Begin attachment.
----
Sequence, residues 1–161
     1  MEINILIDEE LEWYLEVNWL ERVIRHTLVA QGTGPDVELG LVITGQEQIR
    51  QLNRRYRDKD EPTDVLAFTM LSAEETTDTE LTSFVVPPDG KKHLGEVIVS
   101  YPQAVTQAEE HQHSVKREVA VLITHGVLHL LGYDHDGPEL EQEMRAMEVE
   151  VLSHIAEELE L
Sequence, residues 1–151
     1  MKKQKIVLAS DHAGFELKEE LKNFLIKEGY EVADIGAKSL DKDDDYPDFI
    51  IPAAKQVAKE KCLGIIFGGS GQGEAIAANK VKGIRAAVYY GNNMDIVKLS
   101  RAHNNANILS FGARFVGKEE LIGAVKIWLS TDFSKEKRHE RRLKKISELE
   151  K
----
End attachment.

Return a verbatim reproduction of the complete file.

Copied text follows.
Sequence, residues 1–161
     1  MEINILIDEE LEWYLEVNWL ERVIRHTLVA QGTGPDVELG LVITGQEQIR
    51  QLNRRYRDKD EPTDVLAFTM LSAEETTDTE LTSFVVPPDG KKHLGEVIVS
   101  YPQAVTQAEE HQHSVKREVA VLITHGVLHL LGYDHDGPEL EQEMRAMEVE
   151  VLSHIAEELE L
Sequence, residues 1–151
     1  MKKQKIVLAS DHAGFELKEE LKNFLIKEGY EVADIGAKSL DKDDDYPDFI
    51  IPAAKQVAKE KCLGIIFGGS GQGEAIAANK VKGIRAAVYY GNNMDIVKLS
   101  RAHNNANILS FGARFVGKEE LIGAVKIWLS TDFSKEKRHE RRLKKISELE
   151  K